The morpheme is a meaningful segmental component of the word; the morpheme is formed by phonemes; as a meaningful component of the word it is elementary (i.e. indivisible into smaller segments as regards its significative function).

The word is a nominative unit of language; it is formed by morphemes; it enters the lexicon of language as its elementary component (i.e. a component indivisible into smaller segments as regards its nominative function); together with other nominative units the word is used for the formation of the sentence a unit of information in the communication process.

3. In traditional grammar the study of the morphemic structure of the word was conducted in the light of the two basic criteria: positional (the location of the marginal morphemes in relation to the central ones) and semantic or functional (the correlative contribution of the morphemes to the general meaning of the word). The combination of these two criteria in an integral description has led to the rational classification of morphemes that is widely used both in research linguistic work and in practical lingual tuition.
In accord with the traditional classification, morphemes on the upper level are divided into root-morphemes (roots) and affixal morphemes (affixes). The roots express the concrete, "material" part of the meaning of the word, while the affixes express the specificational part of the meaning of the word, the specifications being of lexicosemantic and grammatico-semantic character.
The roots of notional words are classical lexical morphemes.
The affixal morphemes include prefixes, suffixes, and in-flexions (in the tradition of the English school grammatical in-flexions are commonly referred to as "suffixes"). Of these, pre-fixes and lexical suffixes have word-building functions, together with the root they form the stem of the word; inflexions (grammatical suffixes) express different morphological categories.

The root, according to the positional content of the term (i.e. the border-area between prefixes and suffixes), is obligatory for any word, while affixes are not obligatory. Therefore one and the same morphemic segment of functional (i.e. non-notional) status, depending on various morphemic environments, can in principle be used now as an affix (mostly, a prefix), now as a root. Cf.:
out a root-word (preposition, adverb, verbal postposition, adjective, noun, verb);
throughout a composite word, in which -out serves as one of the roots (the categorial status of the meaning of both morphemes is the same);
outing a two-morpheme word, in which out is a root, and -ing is a suffix; outlook, outline, outrage, out-talk, etc. words, in which out- serves as a prefix;
look-out, knock-out, shut-out, time-out, etc. words (nouns), in which -out serves as a suffix.
The morphemic composition of modern English words has a wide range of varieties; in the lexicon of everyday speech the preferable morphemic types of stems are root-stems (one-root stems or two-root stems) and one-affix stems. With grammatically changeable words, these stems take one grammatical suffix {two "open" grammatical suffixes are used only with some plural nouns in the possessive case, cf.: the children's toys, the oxen's yokes).
Thus, the abstract complete morphemic model of the common English word is the following: prefix + root + lexical suffix+grammatical suffix.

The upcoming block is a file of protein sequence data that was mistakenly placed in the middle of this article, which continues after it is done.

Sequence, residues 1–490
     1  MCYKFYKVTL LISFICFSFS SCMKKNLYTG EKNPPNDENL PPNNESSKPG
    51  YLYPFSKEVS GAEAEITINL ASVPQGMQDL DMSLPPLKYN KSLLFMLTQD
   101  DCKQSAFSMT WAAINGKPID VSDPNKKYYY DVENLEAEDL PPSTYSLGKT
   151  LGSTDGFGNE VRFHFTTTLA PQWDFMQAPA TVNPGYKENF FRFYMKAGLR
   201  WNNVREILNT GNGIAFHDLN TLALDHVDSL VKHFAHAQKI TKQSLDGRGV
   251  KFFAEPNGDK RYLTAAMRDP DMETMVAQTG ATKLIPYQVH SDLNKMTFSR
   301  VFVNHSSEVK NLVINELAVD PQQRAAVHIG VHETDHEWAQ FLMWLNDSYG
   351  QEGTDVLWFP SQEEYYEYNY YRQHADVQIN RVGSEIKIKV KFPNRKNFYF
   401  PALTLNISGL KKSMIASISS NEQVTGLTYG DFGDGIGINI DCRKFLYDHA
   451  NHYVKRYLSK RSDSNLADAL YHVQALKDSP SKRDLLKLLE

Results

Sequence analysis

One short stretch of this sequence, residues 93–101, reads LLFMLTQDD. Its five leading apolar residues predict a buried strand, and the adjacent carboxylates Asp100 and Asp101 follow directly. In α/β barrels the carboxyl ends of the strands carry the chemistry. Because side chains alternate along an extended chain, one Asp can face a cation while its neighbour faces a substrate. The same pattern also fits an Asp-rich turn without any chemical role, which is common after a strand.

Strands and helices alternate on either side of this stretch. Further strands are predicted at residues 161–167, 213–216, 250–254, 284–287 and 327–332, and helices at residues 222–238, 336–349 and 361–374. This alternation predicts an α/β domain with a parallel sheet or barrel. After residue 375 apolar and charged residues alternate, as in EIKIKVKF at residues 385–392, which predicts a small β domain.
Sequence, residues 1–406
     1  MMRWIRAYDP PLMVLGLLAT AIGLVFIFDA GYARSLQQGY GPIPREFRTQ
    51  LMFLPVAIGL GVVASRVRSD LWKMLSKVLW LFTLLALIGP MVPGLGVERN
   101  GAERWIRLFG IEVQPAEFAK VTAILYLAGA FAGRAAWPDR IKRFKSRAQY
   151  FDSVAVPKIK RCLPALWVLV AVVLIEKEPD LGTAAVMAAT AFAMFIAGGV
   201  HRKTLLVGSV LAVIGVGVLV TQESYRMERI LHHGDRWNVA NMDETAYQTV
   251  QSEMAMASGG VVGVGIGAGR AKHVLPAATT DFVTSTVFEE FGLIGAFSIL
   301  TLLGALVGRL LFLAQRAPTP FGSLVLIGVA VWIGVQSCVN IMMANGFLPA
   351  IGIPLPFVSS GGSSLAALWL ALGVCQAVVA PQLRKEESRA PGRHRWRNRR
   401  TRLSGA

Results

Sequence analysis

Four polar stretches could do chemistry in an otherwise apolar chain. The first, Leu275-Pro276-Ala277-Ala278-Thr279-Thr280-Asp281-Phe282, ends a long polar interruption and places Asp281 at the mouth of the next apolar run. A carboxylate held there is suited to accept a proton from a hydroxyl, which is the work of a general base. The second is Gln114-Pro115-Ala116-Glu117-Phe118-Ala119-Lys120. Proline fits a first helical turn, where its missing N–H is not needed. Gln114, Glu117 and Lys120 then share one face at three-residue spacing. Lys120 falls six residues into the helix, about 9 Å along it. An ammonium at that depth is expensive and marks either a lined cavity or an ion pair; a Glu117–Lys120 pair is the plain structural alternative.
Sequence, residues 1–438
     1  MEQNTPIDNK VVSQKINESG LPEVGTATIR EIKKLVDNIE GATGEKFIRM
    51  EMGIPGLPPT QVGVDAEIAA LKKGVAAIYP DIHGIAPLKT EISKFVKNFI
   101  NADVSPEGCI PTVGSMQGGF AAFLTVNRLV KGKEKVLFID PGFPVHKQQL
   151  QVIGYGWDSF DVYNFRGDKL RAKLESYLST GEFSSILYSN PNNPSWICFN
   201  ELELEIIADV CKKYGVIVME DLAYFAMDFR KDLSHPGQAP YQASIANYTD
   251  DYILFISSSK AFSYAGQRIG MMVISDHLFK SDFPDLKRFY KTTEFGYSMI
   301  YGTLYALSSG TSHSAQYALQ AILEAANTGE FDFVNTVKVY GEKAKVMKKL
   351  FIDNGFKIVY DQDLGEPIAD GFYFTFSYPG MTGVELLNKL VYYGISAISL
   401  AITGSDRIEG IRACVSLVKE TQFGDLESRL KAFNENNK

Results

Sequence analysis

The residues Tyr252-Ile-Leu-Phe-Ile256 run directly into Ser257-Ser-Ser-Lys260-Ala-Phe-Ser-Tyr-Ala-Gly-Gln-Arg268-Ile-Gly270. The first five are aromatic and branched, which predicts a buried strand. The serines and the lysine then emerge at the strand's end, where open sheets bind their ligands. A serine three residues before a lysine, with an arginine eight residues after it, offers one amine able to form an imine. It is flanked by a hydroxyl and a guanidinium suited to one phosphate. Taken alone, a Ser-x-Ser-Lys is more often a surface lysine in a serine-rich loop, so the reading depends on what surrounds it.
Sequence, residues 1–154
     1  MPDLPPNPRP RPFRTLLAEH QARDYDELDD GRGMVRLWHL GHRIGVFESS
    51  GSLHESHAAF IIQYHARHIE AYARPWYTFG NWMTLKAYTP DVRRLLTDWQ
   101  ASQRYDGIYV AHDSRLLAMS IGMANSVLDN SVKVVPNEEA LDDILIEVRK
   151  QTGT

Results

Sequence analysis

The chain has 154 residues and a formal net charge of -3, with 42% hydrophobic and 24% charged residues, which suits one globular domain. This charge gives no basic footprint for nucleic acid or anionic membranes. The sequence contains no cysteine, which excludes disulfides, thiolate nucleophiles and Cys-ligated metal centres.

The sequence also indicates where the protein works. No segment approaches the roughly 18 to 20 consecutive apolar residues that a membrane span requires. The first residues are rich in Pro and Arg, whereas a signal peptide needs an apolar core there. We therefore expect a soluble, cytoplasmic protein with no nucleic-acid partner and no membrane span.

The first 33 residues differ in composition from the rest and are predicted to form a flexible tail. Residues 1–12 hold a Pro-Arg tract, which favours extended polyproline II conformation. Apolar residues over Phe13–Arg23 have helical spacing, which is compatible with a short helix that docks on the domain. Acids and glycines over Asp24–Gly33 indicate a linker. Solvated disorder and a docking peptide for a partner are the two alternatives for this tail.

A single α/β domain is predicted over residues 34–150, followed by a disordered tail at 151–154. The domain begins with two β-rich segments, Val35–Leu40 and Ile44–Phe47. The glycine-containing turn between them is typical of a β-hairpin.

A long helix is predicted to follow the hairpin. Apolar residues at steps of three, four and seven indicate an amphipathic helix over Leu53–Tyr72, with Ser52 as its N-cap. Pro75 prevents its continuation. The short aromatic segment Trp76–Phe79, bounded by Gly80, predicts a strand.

The syntagmatic connections of the morphemes within the model form two types of hierarchical structure. The first is characterised by the original prefixal stem (e.g. prefabricated), the second is characterised by the original suffixal stem (e.g. inheritors). If we use the symbols St for stem, R for root, Pr for prefix, L for lexical suffix, Gr for grammatical suffix, and, be-sides, employ three graphical symbols of hierarchical grouping braces, brackets, and parentheses, then the two morphemic word-structures can be presented as follows:
W1 = {[Pr + (R + L)] +Gr}; W2 = {[(Pr + R) +L] + Gr}
In the morphemic composition of more complicated words these model-types form different combinations.

4. Further insights into the correlation between the formal and functional aspects of morphemes within the composition of the word may be gained in the light of the so-called "alloemic" theory put forward by Descriptive Linguistics and broadly used in the current linguistic research.

In accord with this theory, lingual units are described by means of two types of terms: allo-terms and eme-terms. Eme-terms denote the generalised invariant units of language characterised by a certain functional status: phonemes, morphemes. Allo-terms denote the concrete manifestations, or variants of the generalised units dependent on the regular co-location with other elements of language: allophones, allomorphs. A set of iso-functional allo-units identified in the text on the basis of their co-occurrence with other lingual units (distribution) is considered as the corresponding eme-unit with its fixed systemic status.
The allo-emic identification of lingual elements is achieved by means of the so-called "distributional analysis". The immediate aim of the distributional analysis is to fix and study the units of language in relation to their textual environments, i.e. the adjoining elements in the text.

The environment of a unit may be either "right" or "left", e.g.: un-pardon-able.
In this word the left environment of the root is the negative prefix un-, the right environment of the root is the qualitative suffix -able. Respectively, the root -pardon- is the right environment for the prefix, and the left environment for the suffix.